His Works for the stage include three operas and ballets for Martha Graham and Anna Sokolow. His orchestral works have been performed by major orchestras here and abroad under such conductors as Mitropoulos, Bernstein, Steinberg, Leinsdorf and Mehta. Interpreters of his music include Roberta Peters, Leontyne Price and Janos Starker. The recording of his Violin Concerto (Itzhak Perlman with the Boston Symphony under Seiji Ozawa) was nominated for a Grammy award in 1986. His book Continuo: A Life in Music was published by random House in 1987. Excerpts from it have appeared in the New Yorker, Musical America and the London Times.

ARIEL, Visions of Isaiah


Woe to Ariel, to Ariel, the city where David dwelt! Add ye year to year; let them kill sacrifices.

Yet I will distress Ariel, there shall be heaviness and sorrow; and it shall be unto me as Ariel.

I will camp against thee, I will lay siege against thee, and will raise forts against thee.

And thou shalt be brought down, and shalt speak out of the ground, and they speech shall whisper out of the dust.

- Isaiah 29:1-4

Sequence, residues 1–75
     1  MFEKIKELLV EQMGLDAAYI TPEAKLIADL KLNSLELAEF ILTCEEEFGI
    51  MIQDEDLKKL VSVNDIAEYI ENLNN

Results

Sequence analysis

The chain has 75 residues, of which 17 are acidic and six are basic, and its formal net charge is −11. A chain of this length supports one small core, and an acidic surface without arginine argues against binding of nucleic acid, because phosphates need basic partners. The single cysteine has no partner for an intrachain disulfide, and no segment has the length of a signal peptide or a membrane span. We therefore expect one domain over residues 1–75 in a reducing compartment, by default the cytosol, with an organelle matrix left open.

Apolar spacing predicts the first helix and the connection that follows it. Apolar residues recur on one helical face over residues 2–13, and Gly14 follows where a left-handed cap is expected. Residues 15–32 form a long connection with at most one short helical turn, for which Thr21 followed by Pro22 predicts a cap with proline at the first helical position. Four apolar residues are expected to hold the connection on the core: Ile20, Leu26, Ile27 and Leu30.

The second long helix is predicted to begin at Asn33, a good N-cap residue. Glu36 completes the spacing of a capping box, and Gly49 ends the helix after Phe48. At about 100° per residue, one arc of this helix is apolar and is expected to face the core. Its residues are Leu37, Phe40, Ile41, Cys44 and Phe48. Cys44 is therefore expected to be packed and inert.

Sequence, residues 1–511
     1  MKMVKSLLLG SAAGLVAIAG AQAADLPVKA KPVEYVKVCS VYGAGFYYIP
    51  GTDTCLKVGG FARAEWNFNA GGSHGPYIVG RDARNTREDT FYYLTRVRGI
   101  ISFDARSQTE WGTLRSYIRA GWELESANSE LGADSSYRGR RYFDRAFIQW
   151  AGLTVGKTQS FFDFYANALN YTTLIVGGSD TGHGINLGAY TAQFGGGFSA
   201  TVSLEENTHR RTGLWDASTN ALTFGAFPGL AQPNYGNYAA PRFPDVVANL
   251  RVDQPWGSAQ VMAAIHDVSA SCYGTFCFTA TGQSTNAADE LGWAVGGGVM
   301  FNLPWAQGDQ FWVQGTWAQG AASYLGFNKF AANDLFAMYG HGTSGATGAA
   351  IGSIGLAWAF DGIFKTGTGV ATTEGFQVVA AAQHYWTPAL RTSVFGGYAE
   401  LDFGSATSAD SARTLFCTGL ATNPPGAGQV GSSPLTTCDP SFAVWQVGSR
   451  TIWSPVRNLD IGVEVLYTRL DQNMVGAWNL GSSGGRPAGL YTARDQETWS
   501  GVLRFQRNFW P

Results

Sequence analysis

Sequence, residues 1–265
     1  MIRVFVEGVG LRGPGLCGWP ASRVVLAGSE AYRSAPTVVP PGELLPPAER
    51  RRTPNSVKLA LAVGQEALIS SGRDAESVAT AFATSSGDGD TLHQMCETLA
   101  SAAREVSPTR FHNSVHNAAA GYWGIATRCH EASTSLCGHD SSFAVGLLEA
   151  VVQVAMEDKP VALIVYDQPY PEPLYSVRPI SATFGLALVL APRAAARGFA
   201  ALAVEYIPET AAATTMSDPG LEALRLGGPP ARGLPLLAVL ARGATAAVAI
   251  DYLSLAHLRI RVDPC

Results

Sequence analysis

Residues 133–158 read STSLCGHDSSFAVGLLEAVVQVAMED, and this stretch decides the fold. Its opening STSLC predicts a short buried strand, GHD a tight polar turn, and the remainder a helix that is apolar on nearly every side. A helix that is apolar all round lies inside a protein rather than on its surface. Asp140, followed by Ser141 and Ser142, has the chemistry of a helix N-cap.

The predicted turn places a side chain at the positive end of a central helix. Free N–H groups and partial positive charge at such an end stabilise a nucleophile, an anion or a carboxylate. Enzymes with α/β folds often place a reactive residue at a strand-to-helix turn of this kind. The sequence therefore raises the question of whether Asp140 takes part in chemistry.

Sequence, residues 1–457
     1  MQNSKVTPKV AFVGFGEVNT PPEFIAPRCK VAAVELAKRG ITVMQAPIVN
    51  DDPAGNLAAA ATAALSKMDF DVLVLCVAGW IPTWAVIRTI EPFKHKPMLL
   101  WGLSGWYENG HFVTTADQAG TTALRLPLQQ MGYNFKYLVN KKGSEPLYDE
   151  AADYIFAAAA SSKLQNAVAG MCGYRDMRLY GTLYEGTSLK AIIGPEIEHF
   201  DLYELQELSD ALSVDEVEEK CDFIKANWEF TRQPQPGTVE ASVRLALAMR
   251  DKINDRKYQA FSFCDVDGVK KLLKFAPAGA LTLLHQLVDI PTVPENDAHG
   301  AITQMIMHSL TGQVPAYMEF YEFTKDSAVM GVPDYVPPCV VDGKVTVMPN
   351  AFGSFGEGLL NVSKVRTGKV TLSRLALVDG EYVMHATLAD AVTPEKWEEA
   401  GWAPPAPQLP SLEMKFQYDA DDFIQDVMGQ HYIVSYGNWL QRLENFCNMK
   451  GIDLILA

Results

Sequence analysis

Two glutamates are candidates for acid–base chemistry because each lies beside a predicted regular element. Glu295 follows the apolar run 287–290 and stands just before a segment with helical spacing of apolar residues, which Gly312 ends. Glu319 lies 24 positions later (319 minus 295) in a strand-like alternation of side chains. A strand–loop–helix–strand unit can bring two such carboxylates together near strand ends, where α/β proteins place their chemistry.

Your country is desolate, your cities are burned with fire; your land strangers devour it in your presence, a sinful nation, a people laden with iniquity: they have forsaken the Lord, they have provoked Him unto anger.

- Isaiah 1:4.7


The earth mourneth and fadeth away, the world languisheth and fadeth away.

- Isaiah 24:4

Come, my people, enter thou into thy chambers, and shut thy doors about thee: hide thyself as it were for a little moment, until the indignation be overpast.

- Isaiah 26:20

Woe unto them that join house to house. Woe unto them that lay field to field, till there be no place, that they may be placed alone in the midst of the earth.

- Isaiah 5:8


The daughters of Zion are haughty, and walk with stretched forth necks and wanton eyes, walking and mincing as they go, and making a tinkling with their feet:

Therefore the Lord will smite with a scab the crown of the head of the daughters of Zion.

Therefore the Lord will take away the tinkling ornaments about their feet, their cauls and chains and bracelets and mufflers,

Their rings and bonnets and headbands and jewels, the changeable suits of apparel, the mantles and wimples and crisping pins,

The bracelets and mufflers and bonnets and earrings, the tablets and jewels and headbands and linen, the hoods and veils.

Instead of sweet smell there shall be stink; instead of a girdle a rent; and instead of beauty, burning.

- Isaiah 3:16-24


Fear, and the pit, and the snare are upon thee, inhabitant of the earth.